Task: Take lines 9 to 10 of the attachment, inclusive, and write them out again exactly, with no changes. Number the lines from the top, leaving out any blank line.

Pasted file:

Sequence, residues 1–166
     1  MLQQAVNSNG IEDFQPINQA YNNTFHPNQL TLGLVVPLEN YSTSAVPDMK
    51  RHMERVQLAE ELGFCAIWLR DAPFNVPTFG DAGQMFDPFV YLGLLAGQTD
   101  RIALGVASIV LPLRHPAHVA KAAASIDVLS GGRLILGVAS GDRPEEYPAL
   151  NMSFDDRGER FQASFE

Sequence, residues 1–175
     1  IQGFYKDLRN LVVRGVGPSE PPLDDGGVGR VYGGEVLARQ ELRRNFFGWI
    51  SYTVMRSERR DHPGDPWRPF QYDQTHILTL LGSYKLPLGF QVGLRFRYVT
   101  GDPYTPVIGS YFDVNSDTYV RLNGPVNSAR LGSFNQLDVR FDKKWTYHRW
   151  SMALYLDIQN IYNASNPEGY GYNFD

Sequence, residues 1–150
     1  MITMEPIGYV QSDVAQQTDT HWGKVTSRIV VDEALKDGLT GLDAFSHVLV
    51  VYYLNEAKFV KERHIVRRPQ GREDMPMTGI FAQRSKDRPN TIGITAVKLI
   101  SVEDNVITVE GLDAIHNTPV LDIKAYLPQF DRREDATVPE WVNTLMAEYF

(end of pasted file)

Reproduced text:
   101  GDPYTPVIGS YFDVNSDTYV RLNGPVNSAR LGSFNQLDVR FDKKWTYHRW
   151  SMALYLDIQN IYNASNPEGY GYNFD